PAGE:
ENGLAND – (BBC) Liam Fox, Britain’s defense minister, has resigned amid an uproar involving a friend who worked as an adviser, but did not have an official governmental position. In a letter to Prime Minister David Cameron, Fox said “I mistakenly allowed the distinction between my personal interest and my government activities to become blurred. The consequences of this have become clearer in recent days. I am very sorry for this.” Fox said he is proud of reforms he has overseen at the ministry, for the country’s armed forces, and for his role “in helping to liberate the people of Libya.” He praised military personnel, saying, “I regret that I will not see through to its conclusion Britain’s role in Afghanistan, where so much progress has been made.” Cameron told Fox in a letter that he was “very sorry” about his departure, saying he’s done “a superb job in the 17 months since the election and as shadow defense secretary before that.” He said that Fox could be proud of the difference he made in office and in helping the Conservatives return to the government.
FRANCE ““ (BBC) A French inquiry into attempted rape claims against ex-IMF chief Dominique Strauss-Kahn has been dropped. Writer Tristane Banon has accused Mr. Strauss-Kahn of attempted rape in 2003. The prosecutor’s office said the evidence suggested sexual assault, a less serious offense than attempted rape with a shorter statute of limitations (under French law, the statute of limitations for attempted rape is 10 years, but three years for sexual assault). Her accusation emerged while Strauss-Kahn was accused of rape in New York ““ that case was later dropped. Ms. Banon’s lawyer has described the decision as a victory: “Mr. Strauss-Kahn will have to be satisfied with being an unconvicted sex attacker, protected by the statute of limitations, allowing him to escape criminal prosecution, but not a legitimate suspicion,” lawyer David Koubbi said. The ruling, he added, demonstrated “the facts that [Ms. Banon] complained of were not “˜imaginary’ contrary to Mr. Strauss-Kahn’s claims.” Mr. Strauss-Kahn was previously said to have admitted making “an advance” on Ms. Banon, but denied any violence and is suing for slander. He still faces a civil suit in the United States by his alleged victim in New York.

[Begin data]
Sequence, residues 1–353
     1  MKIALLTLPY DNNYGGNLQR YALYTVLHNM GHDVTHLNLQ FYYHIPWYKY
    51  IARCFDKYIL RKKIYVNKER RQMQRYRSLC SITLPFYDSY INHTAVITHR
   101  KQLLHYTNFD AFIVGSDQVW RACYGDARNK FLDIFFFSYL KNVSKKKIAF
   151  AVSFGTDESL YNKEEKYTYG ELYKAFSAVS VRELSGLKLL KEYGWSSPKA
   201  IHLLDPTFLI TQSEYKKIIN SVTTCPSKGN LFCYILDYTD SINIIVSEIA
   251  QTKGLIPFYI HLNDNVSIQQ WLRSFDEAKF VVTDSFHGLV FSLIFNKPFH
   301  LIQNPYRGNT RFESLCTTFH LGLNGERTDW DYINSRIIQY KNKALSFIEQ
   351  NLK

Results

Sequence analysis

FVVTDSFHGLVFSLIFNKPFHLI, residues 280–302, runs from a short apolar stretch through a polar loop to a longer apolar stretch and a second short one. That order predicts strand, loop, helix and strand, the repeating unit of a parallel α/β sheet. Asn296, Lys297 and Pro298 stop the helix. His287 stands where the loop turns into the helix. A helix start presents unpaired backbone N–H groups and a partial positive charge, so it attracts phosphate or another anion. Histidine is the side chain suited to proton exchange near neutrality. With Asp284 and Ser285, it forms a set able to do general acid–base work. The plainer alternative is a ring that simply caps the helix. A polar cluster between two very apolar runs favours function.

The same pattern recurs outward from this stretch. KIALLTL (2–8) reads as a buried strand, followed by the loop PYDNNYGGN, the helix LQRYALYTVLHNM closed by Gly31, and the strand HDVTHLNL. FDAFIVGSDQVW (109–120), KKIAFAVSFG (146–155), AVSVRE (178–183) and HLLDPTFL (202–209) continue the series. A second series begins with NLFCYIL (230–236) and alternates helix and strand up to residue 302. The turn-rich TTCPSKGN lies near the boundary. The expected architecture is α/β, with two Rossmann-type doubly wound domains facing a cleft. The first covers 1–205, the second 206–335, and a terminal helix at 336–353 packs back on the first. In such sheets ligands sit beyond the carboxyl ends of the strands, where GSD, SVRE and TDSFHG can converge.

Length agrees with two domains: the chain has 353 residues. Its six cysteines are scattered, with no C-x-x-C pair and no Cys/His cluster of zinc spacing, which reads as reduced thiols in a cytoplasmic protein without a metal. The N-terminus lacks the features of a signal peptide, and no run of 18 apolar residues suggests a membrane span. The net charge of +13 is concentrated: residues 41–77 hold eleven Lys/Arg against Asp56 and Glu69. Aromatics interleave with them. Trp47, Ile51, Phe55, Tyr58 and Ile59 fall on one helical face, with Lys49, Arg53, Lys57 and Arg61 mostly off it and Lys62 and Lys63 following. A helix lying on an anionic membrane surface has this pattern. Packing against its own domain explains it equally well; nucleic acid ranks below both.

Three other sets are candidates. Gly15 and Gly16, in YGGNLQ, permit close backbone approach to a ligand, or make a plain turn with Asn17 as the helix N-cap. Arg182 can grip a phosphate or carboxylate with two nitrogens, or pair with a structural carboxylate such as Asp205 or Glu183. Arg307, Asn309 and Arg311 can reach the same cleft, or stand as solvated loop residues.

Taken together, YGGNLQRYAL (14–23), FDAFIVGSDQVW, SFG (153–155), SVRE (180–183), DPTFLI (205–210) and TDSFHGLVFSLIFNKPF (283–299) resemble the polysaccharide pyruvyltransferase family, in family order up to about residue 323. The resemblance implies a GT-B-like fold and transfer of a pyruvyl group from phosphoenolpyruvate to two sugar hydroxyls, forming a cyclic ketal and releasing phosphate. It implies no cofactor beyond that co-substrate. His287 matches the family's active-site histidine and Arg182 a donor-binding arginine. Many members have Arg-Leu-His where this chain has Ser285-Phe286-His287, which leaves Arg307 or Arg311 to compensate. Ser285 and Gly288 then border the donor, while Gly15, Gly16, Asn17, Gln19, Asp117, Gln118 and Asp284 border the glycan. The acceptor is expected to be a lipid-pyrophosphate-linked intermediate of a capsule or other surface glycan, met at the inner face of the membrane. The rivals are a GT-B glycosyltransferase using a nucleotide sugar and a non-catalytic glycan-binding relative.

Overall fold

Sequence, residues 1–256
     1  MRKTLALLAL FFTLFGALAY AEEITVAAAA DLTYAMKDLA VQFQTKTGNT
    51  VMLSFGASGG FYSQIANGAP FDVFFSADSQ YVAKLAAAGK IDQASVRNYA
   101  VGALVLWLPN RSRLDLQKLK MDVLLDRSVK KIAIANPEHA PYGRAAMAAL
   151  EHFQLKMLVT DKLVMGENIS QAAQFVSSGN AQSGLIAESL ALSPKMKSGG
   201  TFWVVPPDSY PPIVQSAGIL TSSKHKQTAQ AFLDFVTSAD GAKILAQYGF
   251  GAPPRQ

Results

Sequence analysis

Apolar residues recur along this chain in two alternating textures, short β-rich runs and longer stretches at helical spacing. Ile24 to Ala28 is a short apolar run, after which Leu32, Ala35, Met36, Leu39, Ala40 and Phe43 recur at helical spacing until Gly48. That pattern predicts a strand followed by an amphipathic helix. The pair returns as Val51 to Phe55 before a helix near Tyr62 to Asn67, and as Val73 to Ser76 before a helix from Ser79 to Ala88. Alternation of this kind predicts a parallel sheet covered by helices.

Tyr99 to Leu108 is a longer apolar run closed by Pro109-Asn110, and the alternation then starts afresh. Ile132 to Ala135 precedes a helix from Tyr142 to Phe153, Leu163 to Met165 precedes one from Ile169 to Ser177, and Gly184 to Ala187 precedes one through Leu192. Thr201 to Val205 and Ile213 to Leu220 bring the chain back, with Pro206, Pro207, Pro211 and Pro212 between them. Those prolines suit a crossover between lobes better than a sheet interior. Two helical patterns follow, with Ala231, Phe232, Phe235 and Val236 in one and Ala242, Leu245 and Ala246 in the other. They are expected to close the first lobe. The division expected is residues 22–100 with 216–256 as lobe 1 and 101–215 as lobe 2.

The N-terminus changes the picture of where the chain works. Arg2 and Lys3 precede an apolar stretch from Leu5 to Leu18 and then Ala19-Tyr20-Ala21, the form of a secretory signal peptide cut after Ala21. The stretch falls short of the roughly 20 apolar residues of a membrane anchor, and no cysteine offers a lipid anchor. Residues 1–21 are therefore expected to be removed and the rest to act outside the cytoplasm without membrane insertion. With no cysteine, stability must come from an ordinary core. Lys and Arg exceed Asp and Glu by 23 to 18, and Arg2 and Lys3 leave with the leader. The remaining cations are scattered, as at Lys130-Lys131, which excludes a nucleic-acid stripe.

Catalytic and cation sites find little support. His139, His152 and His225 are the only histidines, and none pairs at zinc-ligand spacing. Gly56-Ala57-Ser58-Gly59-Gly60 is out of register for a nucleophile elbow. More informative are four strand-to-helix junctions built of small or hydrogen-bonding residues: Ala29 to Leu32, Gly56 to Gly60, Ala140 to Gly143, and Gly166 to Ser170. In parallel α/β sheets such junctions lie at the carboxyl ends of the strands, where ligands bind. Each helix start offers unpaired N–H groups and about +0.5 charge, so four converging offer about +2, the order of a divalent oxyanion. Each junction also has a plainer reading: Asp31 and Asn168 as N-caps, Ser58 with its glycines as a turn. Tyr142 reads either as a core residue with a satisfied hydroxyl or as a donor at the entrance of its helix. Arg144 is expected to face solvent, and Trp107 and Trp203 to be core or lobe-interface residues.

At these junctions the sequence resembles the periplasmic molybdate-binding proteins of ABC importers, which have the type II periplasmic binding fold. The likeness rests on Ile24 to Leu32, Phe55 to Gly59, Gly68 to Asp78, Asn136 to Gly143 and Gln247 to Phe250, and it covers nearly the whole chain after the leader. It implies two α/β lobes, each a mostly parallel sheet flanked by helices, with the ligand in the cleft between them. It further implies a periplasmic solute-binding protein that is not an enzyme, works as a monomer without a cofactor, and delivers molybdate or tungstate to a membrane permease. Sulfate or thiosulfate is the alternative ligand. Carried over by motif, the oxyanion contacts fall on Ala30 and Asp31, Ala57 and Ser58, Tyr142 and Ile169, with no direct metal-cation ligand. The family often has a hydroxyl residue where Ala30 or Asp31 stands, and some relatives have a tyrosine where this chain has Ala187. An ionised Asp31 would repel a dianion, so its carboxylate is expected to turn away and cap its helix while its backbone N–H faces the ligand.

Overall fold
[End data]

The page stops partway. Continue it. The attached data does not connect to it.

GERMANY ““ (CNN) At least seven homemade explosives have been found along Berlin’s railways within the last week, severely disrupting traffic on several lines. Two of the devices have exploded ““ one last Monday and one last Wednesday ““ but no one was killed or injured in the blasts. Since last Monday, at least 2,000 trains have been delayed due to the attacks, a spokesman for Deutsche Bahn told CNN. Another arson attempt ““ this one at Berlin’s central train station ““ failed because officials discovered the device before it exploded. Deutsche Bahn is offering a 100,000 euro (U.S. $138,120) reward for information leading to the arrests of those behind the blasts, according to a statement from the company. A group called the “Hekla Welcome Committee-Initiative for More Social Eruptions” has claimed responsibility for the explosions. “This morning we slowed down the German capital and its function as a global player in the export of armaments,” said a statement from the group released on a leftist website. However, the group said it is not acting “with the intention to endanger somebody’s life.” The group blames Germany’s involvement in the Afghan war for the attacks.